Free markets and government agencies are often portrayed in the press or in political rhetoric as being in a state of constant opposition. However, it is important not to overlook the many instances of when a market’s efficient functioning is owed in some degree to a proper level of government intervention. The landlord/tenant legal work I am currently doing as part of Penn Law’s pro bono requirement serves as a constant reminder of this fact.
For example, take the question of the physical condition and habitability of a rental property, something that is an issue for many renters in Philadelphia especially for those in low-income housing. Almost all U.S. jurisdictions, including Philadelphia, enforce an implied warranty of habitability (“IWH”), the implication of which is that regardless of the language of a written lease (such as an “as-is” provision), a landlord’s obligation to keep the premises compliant with local housing code cannot be waived or modified by private contract. An example would be the obligation of landlords in Philadelphia to heat apartments to a minimum of 68 degrees during the winter months.
To understand what life would be like without an IWH, imagine that upon moving to Philadelphia, you had to, in addition to considering the location, appearance and price of any given apartment, also inspect the boiler to determine whether it would be able to heat the property sufficiently in the winter, check the roof for signs of leaks or water damage and examine the foundation of a house for signs of damage. You’d also have to thoroughly examine each and every lease to determine which of these potentially catastrophic risks your landlord would be asking you to bear.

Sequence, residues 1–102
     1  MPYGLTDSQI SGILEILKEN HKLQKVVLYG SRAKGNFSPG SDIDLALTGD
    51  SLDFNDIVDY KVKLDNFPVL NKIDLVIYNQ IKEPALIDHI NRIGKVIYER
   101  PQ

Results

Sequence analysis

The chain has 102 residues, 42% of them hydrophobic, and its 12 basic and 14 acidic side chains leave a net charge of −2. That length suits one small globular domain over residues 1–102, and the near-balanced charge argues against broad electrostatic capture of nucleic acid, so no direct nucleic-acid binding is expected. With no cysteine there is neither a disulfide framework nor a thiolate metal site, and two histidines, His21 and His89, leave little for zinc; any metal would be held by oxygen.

Undoubtedly, many students wind up either intentionally or unintentionally signing leases that ask them to bear some of these risks. After all, these kinds of inspection and transaction costs are significant for a lease that may run for as little as nine or 12 months. And imagine the collective action problems when it’s up to you and your building-mates to take the initiative and share the costs associated with fixing a leaky roof.
Thus, clearly the IWH greases the wheels of commerce in Philadelphia’s market for rental housing. Of course, one still knows to research the reputation of a landlord prior to signing a lease, but the risks would be much greater without the safety net of the IWH.
The danger of overregulation or ineffective regulation remains. For example, it currently takes the Philadelphia Department of Licensing and Inspections an average of 30+ days to pay a visit to a property to assess a possible IWH violation. Additionally, many renters are unaware of their legal rights under the IWH, and the ability of certain unscrupulous landlords to take advantage of elderly, foreign, poorly educated or otherwise vulnerable renters leads to many negative outcomes. An IWH cannot function as simply a piece of paper—the proper enforcement mechanisms must be sufficiently funded and monitored to make it work.
Certainly, there is much more to discuss here, and it would be misleading to portray tenants as always blameless and victimized. But the point stands that when you look at a market such as that of rental property in Philadelphia, the question isn’t really do we need more or less government; rather, it is what type of government intervention can best facilitate commerce, protect the vulnerable from predatory practices and lead to a more transparent, efficient market. The answer to this will vary depending on what kind of market we are looking at, but the point is to bring to this type of analysis an open mind rather than an ingrained bias that more government is necessarily good or bad.
Editor’s note: This post first appeared on the Wharton MBA Program’s Student Diarist blog on Jan. 29, 2013.